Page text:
A Win-Win Plan for Exporting Ukraine’s Grain through the Black Sea?

July 20, 2022
Photo credit: Elena Larina / Shutterstock.com
One of the consequences of Russia’s war of aggression against Ukraine has been global food shortage and increasing food prices.

Due to Russia’s blockade of Ukrainian ports, including Odessa, nearly 25 million tons of Ukrainian grain are stuck in warehouses and harbors, unable to be exported. This also means that there will not be sufficient storage available when the 2022 harvest comes in later this year. In addition, sanctions on Russia have crippled Russia’s ability to export grain.

With Ukraine and Russia major suppliers of grain and nutrient oils to world markets, this situation has already led to surging food prices, and it could lead to food shortages and malnutrition in developing countries. Protests over food prices have already begun around the world, including in Argentina, Chile, Cyprus, Greece, Guinea, Indonesia, Iran, Kenya, Lebanon, Palestinian Territories, Peru, Sri Lanka, Sudan, and Tunisia. Not only can Ukraine not export its grain due to the blockade, it also accuses Russia of selling to third countries stolen grain from its occupied territories. For its part, Russia invokes sanctions as the reason for lower exports and higher food prices.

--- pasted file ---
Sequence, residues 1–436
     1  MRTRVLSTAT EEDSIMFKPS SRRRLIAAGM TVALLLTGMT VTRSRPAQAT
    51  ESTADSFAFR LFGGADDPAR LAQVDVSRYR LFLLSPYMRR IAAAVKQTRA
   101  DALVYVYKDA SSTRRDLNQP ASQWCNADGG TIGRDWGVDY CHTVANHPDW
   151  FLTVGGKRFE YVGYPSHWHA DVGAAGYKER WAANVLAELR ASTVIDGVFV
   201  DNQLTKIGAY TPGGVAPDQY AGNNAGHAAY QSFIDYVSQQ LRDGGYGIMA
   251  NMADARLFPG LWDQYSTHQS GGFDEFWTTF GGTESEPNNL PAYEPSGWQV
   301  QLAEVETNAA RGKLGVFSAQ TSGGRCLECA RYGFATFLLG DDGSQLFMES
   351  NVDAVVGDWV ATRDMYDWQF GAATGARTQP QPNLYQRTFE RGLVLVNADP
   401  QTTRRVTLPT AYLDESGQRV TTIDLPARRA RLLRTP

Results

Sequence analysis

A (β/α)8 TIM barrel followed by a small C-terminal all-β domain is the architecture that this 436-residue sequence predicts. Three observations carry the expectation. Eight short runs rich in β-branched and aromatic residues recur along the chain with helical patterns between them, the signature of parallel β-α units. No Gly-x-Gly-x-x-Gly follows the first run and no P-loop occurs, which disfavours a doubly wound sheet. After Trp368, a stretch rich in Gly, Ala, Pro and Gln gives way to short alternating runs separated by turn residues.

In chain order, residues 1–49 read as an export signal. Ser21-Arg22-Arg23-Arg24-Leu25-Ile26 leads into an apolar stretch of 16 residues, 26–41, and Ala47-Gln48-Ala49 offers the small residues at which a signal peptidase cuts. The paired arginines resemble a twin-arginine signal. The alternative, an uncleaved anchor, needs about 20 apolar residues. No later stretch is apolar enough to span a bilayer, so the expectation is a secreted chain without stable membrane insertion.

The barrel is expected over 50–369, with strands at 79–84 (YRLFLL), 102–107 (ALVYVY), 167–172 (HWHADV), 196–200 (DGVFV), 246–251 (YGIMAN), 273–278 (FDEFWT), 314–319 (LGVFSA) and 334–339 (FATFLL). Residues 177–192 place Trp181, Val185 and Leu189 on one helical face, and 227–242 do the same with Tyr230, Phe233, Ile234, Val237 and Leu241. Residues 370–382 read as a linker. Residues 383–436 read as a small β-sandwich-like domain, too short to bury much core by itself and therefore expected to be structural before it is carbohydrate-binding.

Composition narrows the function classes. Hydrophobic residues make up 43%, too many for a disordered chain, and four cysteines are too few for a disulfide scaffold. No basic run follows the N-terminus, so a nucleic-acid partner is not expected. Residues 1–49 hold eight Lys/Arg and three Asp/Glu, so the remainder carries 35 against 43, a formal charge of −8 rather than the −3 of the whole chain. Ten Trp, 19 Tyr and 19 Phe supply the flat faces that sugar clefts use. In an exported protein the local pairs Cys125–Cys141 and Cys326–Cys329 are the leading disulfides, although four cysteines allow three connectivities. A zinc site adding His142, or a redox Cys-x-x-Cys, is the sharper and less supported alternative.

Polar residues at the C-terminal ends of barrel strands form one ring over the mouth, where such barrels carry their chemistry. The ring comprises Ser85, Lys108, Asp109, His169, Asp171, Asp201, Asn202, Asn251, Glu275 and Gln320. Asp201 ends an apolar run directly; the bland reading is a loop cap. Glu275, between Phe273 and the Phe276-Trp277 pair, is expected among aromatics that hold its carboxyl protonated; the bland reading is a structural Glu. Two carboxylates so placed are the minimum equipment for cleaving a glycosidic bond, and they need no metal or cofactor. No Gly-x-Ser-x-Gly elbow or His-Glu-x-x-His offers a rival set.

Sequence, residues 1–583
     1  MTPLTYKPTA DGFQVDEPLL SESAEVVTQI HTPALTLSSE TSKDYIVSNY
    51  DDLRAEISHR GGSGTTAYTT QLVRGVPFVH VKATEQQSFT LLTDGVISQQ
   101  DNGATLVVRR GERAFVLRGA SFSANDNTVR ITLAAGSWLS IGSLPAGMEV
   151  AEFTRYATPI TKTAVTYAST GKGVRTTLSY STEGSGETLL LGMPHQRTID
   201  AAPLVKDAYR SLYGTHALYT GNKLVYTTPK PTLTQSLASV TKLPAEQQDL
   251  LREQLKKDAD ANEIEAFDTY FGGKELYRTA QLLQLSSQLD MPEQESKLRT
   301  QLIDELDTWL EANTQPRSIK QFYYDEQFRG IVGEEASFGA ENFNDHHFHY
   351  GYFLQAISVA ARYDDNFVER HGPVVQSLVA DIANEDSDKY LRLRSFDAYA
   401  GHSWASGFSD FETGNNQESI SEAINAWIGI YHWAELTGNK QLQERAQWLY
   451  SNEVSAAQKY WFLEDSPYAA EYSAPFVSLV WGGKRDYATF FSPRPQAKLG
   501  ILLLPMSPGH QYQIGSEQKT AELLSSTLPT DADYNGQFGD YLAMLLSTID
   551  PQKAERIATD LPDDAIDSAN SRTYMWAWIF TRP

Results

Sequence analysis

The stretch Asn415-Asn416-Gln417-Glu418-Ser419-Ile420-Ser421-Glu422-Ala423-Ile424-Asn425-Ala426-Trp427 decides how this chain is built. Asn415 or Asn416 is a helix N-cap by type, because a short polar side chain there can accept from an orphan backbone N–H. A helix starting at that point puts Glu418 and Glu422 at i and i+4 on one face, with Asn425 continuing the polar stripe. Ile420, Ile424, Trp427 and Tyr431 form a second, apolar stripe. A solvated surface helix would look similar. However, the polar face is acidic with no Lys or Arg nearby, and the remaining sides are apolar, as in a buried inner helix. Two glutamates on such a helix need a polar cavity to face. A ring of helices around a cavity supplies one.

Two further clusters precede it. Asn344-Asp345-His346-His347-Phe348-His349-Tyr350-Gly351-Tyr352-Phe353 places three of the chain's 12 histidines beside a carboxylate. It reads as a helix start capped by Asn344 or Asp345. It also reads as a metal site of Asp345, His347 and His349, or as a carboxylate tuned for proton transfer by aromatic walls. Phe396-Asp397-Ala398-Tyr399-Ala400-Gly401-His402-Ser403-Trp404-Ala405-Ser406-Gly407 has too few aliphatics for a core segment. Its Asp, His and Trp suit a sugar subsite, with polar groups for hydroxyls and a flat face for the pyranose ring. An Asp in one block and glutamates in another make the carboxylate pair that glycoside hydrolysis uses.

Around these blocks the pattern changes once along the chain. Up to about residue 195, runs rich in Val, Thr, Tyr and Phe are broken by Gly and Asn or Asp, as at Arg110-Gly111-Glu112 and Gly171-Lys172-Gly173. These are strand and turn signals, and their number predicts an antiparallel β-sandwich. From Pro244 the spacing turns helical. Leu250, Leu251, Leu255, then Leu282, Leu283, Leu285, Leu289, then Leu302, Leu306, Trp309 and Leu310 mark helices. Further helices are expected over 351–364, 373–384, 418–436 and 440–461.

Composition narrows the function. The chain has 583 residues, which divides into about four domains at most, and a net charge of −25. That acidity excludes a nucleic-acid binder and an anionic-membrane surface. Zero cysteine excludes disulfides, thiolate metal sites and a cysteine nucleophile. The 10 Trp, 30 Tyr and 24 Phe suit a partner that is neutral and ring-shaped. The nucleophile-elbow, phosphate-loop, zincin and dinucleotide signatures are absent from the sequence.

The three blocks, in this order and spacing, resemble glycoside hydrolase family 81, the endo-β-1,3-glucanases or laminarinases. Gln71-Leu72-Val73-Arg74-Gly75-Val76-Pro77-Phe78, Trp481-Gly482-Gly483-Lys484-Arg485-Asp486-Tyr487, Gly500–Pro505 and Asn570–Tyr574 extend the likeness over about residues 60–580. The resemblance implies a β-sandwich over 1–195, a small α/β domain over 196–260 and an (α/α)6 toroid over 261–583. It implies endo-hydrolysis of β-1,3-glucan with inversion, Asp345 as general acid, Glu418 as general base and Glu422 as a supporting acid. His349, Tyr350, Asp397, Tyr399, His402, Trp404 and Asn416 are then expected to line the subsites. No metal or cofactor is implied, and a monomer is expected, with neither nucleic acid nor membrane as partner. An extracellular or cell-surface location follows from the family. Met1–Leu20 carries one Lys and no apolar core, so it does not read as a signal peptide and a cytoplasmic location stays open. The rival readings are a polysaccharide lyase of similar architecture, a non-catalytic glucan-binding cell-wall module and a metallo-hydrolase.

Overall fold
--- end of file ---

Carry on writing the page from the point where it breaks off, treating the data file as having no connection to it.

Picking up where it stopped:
With Ukraine and Russia major suppliers of grain and nutrient oils to world markets, this situation has already led to surging food prices, and it could lead to food shortages and malnutrition in developing countries.

Ukrainian grain is normally transported to their export destination through the Black Sea, a route currently impracticable due to the mining of the port of Odessa, Russia’s blockade, and the insecurity of Ukrainian ships in the sea. In the absence of a solution when it comes to the maritime route, Romania and Poland are being used as alternatives ones. But Poland’s ports are already at maximum capacity and railway transportation faces a shortage of containers, locomotives, and terminals, adding to the difficulty of converting Ukrainian trains from their wide gauge to the narrow European one.

To ease the situation, Romania has reopened a Soviet-era wide-gauge railway from Ukraine to the city of Galati, where trains are embarked on ships to various destinations or on barges to the port of Constanta. With the highest capacity in Eastern Europe, Constanta has handled 2.5 million tons of Ukrainian grain, half of the total the country has exported since the war started. The port has additional capacity that could be used. Yet the challenge of getting the loads from Ukraine to Romanian ports remains.